Matt Helgeson's Top Five Game Of The Last Generation
It was the longest console generation in history, beginning with the release of the Xbox 360 in 2005 and generally ending in the fall of last year. Looking back, it also may have been the best. With three successful consoles, there were more games than ever before, and console game designers finally had the technical power to accomplish things they'd only dreamed about in past generations.
It really was a great time to be a gamer, and I'm very grateful that I was able to be a part of it. Here are my top five games of the last generation.
5. Super Mario Galaxy
The first game on my list is at once one of the great games of the last generation, and one that has the greatest connection to the great games of video games' past. Nintendo's shown an amazing ability to reinvent Mario's simple platforming mechanics over the years, and Super Mario Galaxy is a brilliant reimagining of the iconic series.
It hinges on very simple design question: "What if Mario was platforming on small, three-dimensional planets instead of flat planes?" From this concept springs a long series of breathtaking platforming levels. It's completely novel, yet totally familiar. It's everything you love about Mario games from a slightly different perspective, and a master course in level design. As always, the basic movement and jumping controls feel perfect, allowing you to enjoy each inventive obstacle the game throws your way. It's everything I love about 3D platformers, a genre that, sadly, I don't expect to see much in this new generation of gaming.
4. Red Dead Redemption
Rockstar famously follows its gut when it comes to the games it makes, eschewing focus group testing and market research. Inspired by the classic spaghetti Westerns of Sergio Leone and Clint Eastwood, Red Dead Redemption proved the conventional industry wisdom that a Western game wouldn't sell to be laughably untrue. Like everyone else, I was enthralled by exploring the open plains of a long-past America, finding a host of amazing missions, myriad side activities, and a cast of memorable loutish frontiers-men and -women.
The game offers the seemingly endless content and exploration we've come to expect from Rockstar's Grand Theft Auto series, but it also tells a story that is more emotional and resonant than anything the company had done before. John Marston is one of gaming's great characters, and the emotional ending of Red Dead Redemption can't be forgotten.
3. Uncharted 2: Among Thieves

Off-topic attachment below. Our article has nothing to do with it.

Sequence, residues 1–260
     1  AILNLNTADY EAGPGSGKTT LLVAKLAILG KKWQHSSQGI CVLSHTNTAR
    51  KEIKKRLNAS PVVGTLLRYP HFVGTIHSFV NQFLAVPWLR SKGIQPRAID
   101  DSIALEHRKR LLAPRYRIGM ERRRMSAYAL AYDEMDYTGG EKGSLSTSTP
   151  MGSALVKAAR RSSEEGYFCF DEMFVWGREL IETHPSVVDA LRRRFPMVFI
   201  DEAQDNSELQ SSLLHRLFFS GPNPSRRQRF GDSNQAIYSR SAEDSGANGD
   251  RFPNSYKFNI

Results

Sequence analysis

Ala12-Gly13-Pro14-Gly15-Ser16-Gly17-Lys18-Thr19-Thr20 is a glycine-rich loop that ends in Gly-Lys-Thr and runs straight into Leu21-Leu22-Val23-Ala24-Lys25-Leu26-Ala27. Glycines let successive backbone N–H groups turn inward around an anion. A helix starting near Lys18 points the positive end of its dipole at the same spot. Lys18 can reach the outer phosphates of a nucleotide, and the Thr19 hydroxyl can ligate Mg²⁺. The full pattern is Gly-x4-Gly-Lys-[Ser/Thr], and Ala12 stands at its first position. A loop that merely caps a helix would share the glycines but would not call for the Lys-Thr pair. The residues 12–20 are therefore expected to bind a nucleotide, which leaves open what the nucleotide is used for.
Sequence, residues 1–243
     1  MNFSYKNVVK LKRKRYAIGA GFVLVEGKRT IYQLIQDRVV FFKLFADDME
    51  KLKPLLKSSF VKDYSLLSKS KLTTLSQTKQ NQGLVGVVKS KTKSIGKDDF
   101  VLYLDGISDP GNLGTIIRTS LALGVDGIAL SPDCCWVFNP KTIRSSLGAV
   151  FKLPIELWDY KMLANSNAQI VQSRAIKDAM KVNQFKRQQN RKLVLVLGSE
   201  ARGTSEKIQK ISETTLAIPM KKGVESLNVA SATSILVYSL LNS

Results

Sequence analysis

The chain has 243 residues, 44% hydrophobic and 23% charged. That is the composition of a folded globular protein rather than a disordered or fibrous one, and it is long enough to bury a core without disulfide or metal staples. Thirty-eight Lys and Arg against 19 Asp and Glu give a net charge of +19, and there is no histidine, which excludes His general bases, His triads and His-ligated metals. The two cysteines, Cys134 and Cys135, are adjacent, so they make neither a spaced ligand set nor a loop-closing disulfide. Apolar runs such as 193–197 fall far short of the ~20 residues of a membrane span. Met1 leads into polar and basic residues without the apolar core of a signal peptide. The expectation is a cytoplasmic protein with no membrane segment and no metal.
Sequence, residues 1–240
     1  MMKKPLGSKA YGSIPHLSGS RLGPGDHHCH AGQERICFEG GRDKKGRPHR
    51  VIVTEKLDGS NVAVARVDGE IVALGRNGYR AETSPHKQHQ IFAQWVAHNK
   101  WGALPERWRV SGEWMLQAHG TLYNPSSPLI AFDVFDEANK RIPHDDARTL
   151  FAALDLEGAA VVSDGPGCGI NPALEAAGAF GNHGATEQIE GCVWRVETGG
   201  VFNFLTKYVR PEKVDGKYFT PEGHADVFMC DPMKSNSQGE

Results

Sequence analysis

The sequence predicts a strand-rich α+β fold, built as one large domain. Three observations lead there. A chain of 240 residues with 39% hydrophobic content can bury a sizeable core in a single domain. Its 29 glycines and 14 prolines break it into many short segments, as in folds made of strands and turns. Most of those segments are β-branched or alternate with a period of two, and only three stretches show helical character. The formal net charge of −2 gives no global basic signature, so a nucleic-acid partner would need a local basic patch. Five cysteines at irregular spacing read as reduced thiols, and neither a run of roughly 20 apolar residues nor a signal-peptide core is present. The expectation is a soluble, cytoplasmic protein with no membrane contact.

Games are art, but they are also entertainment. And, creating blockbuster "popcorn" entertainment is an art in itself; there's a difference between J.J. Abrams and Michael Bay. Uncharted 2: Among Thieves is unapologetic big-budget entertainment, using Naughty Dog's mastery of the PlayStation 3 architecture to deliver explosive eye candy and huge set-piece moments.
The globetrotting, Indiana Jones-inspired action would have been enough, but the game also has something missing from so many triple-A games: real heart. While the tone isn't serious, the natural, easy dialogue and great voice performances make the relationships between Nathan Drake, Elena Fisher, and Sully resonate with the player.
When I was a kid, I was drawn to video games for their ability to send me on a grand adventure in places I could never dream of going to. That's what Uncharted 2 gave me.
Perhaps the best thing a video game can do is defy your expectations about how you interact with the world. Portal is a perfect example of that. There's so much to love about this game, but the best moment for me was my first minutes with the game, figuring out that if I could move in and out of the two portals I shot on the wall, even catching an elusive glimpse of myself as Chell in the periphery.
The game progresses brilliantly, slowly layering on new puzzle elements and ways in which you need to use your portal gun. Even more impressive is the way the game tells one of the generation's most compelling stories with nothing more than dialogue from a disembodied A.I. being GLaDOS. As you move through the series of test chambers, the malevolent truth behind Aperture Science becomes clear, culminating in an musical ending that no one saw coming. It's a short but brilliant experience that I'll never forget.
1. The Last of Us
In many ways, attempting to rank games numerically is a fool's errand, especially when games have evolved in so many directions over the years. Is Forza better than Braid? Is Tetris better than Mass Effect? You tell me.
At the end of the day, I chose the game that affected me the most: Naughty Dog's The Last of Us. Much has been written the game, and for good reason. Its storytelling, graphics, tense gameplay, and superb voice acting all make this a survival/horror game with an emotional punch that series like Resident Evil couldn't hope to replicate.
The post-apocalyptic setting isn't unique, but the eerie, deserted cities and landscape convey a sense of quiet dread that's often punctuated by visceral bursts of action. It's a gripping journey, and conveyed through graphics that can stand up to even new-gen games. Ultimately though, this is my choice for the best game of the last generation for a single moment: the bittersweet, ambiguous final scene. It's stunning, and – unlike so many games – leaves the message open to interpretation by the audience. It was a brave bit of game development.